If there was one decision I would overrule, it would be Citizens United. I think the notion that we have all the democracy that money can buy strays so far from what our democracy is supposed to be.

– Justice Ruth Bader Ginsburg, explaining the reasons why she thinks Citizens United was one of the worst Supreme Court decisions of recent times, after being asked her opinion in a wide-ranging interview with Jeffrey Rosen of the New Republic.

(What do you think is the worst SCOTUS ruling in recent memory? Tell us.)

She’s not a porn star, she’s a law student. We could see where you might be confused by that one.

* Now that we know Eric Holder is resigning, there’s been speculation as to where he’ll go next. The obvious choice is a return to Covington & Burling, but he could still surprise everyone. [National Law Journal]

* “Judicial campaign cash is burning a hole in the Constitution.” State court judges are pumping money into their election campaigns, and some have been left to wonder about its true price. [New York Times]

* Details have emerged as to conditions that must be met for Bingham McCutchen’s proposed merger with Morgan Lewis: partner promises, de-equitizations, and forgivable loans, oh my! [Reuters (sub. req.)]

* In the wake of Dean Makau Mutua’s decision to step down at Buffalo Law, a “deep rift” among faculty has been brought to light. The school’s future doesn’t seem as “bright” as we were once told. [Buffalo News]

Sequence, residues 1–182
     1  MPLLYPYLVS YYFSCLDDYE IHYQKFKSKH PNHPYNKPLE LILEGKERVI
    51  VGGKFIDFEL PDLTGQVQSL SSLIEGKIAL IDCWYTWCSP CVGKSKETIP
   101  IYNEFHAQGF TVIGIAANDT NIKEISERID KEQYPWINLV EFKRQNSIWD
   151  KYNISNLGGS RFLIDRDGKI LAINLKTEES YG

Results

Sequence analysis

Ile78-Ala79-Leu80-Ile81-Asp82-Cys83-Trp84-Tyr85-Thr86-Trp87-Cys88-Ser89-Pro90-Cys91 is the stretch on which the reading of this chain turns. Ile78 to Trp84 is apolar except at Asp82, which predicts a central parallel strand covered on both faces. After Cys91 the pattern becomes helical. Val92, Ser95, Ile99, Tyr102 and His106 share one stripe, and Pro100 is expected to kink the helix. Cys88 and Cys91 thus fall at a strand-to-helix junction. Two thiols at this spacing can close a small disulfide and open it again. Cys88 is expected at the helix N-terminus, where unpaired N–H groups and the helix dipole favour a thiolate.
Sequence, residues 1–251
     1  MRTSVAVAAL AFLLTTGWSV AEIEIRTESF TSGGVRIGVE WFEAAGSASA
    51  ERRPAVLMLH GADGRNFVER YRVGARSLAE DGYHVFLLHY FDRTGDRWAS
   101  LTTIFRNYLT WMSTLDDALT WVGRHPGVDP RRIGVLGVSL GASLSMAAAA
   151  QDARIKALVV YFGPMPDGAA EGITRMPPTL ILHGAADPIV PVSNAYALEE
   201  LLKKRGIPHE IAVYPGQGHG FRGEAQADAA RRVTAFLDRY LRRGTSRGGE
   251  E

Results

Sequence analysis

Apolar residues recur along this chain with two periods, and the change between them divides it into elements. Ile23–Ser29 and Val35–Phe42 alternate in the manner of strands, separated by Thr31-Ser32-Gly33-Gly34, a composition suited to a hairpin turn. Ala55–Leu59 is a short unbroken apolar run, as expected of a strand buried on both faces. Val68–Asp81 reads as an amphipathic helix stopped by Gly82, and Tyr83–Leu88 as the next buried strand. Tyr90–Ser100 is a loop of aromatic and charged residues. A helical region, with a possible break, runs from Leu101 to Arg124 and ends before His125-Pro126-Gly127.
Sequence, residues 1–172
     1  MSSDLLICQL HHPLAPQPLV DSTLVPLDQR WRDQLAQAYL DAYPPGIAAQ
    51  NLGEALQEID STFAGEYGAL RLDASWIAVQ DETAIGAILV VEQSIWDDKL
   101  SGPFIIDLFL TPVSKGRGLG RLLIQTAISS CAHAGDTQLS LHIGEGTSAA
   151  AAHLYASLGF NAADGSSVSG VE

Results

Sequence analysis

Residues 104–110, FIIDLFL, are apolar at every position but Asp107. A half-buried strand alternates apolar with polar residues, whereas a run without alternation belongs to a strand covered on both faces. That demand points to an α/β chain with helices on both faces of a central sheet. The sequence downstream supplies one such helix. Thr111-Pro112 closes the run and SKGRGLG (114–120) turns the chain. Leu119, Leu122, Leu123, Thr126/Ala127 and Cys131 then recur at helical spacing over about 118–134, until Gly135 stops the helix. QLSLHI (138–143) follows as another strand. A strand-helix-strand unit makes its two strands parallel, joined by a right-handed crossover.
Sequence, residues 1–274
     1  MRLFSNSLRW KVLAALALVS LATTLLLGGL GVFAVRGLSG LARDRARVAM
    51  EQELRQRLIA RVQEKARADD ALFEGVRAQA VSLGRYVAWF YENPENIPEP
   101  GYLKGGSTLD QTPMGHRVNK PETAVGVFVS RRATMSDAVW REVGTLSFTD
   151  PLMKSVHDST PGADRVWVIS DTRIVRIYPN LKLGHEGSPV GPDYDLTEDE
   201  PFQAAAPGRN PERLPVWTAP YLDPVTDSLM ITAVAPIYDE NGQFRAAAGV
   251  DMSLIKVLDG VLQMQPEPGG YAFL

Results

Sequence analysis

* A former law student who was falsely identified as a porn star on the radio had her day in court and pulled out a win. Here’s the money shot: she’s walking away with $1 million in damages. [Kansas City Star]

President Obama formally announced the resignation of U.S. Attorney General Eric Holder this week. Filling the position ordinarily poses a political challenge, but installing Holder’s successor will be particularly rancorous. And we have Eric Holder himself to thank for that.

With Congressional midterm elections weeks away, confirmation hearings for a new AG any time soon seemed unlikely at first. However, Senator Patrick Leahy (D – VT), the chair of the Senate Judiciary Committee, announced that he intends to urge the confirmation process onward. “Definitely, we should have confirmation hearings as quickly as possible in the Senate,” Leahy told MSNBC’s Andrea Mitchell. Changes to Senate rules allow debate to end over executive and judicial branch nominees (except for nominees for Supreme Court vacancies) with a simple majority vote, rather than a supermajority of 60 votes. At least until the January 2015 session, when the Senate can revisit the rule change, Senators cannot filibuster the vote on Eric Holder’s potential successor. No matter what shifts occur after the upcoming elections, Republicans hold only 45 seats in the Senate until January 2015. So, Democrats acting quickly hold an advantage. However, Democratic senators facing dicey election contests may not be enthusiastic about their party’s push for hearings before the election.

The AG confirmation process opens a new battlefield in the war between supporters of President Obama and his critics. The battle to confirm Eric Holder’s successor promises to be messy. Senate Republicans will treat the process as a referendum on everything President Obama has done — possibly everything his critics suspect he might want to do. Washington politics makes this sort of fight possible. The timing of Holder’s resignation, a few weeks ahead of Congressional midterm elections, makes this plausible. But Eric Holder himself made this battle necessary.

So, how did Holder generate so much bad blood?